Jobless claims fall sharply last week

The number of Americans filing new claims for unemployment benefits fell more than expected last week, which could ease fears of a marked deterioration in labor market conditions after a surprise stumble in job growth in March.

Initial claims for state unemployment benefits dropped 42,000 to a seasonally adjusted 346,000, the Labor Department said on Thursday, unwinding the jump in the prior week related to difficulties adjusting the data for seasonal variations. That was the largest weekly drop since mid-November.

Claims are now back at the lower end of their range for this year. Data for the week ended March 30 was revised to show 3,000 more applications than previously reported.

Economists polled by Reuters had expected first-time applications to fall to 365,000 last week.

Differences in the timing of Easter and school spring breaks, which likely threw off the model used to smooth the data for seasonal fluctuations, had been blamed for the spike in claims during the week ended March 30.

A Labor Department analyst said no states had been estimated and there was nothing unusual in the state-level data. He noted, however, that the floating Easter holiday and spring breaks continued to pose challenges for the so-called seasonal factor.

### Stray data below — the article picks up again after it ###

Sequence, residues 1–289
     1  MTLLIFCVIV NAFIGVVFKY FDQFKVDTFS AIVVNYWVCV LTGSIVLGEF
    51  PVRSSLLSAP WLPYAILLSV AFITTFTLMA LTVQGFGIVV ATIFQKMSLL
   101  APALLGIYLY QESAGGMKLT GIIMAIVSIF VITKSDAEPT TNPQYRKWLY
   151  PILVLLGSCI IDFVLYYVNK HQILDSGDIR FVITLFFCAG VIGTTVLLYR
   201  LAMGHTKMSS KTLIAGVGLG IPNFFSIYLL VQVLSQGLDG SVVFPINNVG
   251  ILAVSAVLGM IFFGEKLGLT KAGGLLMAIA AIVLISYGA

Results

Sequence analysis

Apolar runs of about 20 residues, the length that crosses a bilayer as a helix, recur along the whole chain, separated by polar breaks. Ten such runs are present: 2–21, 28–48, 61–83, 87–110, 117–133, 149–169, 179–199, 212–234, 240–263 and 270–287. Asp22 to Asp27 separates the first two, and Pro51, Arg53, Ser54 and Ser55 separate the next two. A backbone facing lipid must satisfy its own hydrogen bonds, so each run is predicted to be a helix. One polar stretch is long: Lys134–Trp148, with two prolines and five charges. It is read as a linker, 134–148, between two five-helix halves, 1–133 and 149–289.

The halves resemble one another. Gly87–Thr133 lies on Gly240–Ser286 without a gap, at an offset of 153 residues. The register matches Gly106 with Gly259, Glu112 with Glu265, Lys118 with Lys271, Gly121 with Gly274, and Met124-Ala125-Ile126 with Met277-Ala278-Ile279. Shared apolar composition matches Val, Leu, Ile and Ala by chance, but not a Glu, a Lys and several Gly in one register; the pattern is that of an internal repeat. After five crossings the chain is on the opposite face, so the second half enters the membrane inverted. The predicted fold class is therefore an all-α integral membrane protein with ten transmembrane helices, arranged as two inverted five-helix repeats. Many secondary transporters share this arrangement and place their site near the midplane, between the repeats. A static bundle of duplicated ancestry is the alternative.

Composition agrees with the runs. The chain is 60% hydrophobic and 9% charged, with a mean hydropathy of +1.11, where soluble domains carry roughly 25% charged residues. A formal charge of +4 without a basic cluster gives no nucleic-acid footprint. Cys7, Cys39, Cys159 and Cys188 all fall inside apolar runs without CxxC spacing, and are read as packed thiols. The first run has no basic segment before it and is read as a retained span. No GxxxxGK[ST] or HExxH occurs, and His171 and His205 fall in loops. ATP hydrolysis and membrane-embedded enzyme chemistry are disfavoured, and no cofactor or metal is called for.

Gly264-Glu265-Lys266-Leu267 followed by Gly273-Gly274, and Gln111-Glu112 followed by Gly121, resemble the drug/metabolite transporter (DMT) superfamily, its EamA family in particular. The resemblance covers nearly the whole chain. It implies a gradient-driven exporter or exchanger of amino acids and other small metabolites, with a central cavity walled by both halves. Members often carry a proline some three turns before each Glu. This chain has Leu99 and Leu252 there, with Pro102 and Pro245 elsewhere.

The seasonal distortions in the data will probably remain over the next few weeks.

The four-week moving average for new claims, a better measure of labor market trends, increased 3,000 to 358,000.

Despite the rise, the four-week average stayed close to a level economists normally associate with payroll gains of about 150,000 per month.

The job market suffered a setback in March, with employers hiring the fewest number of workers in nine months. However, economists say the 88,000 payrolls gain after a solid 268,000 increase in February overstates the labor market's weakness.

The economy had experienced relatively strong job gains since October. The claims data is being monitored for signs of layoffs related to $85 billion in government budget cuts known as the "sequester."

Economists say there is little evidence so far to suggest that the spending cuts which took hold on March 1 were hurting the labor market, noting the weakness in payroll growth last month had not been confined to sectors expected to be hard hit by the budget cuts.

The Federal Reserve has tied monetary policy to the labor market. Minutes of its March 19-20 meeting released on Wednesday showed the U.S. central bank was moving closer to ending its monthly $85 billion purchases of mortgage and Treasury bonds to keep rates low and spur faster job growth.

The meeting was held before the release of March's weak employment report.

The claims reported showed the number of people still receiving benefits under regular state programs after an initial week of aid fell 12,000 to 3.08 million in the week ended March 30.

(Reporting by Lucia Mutikani; Editing by Andrea Ricci)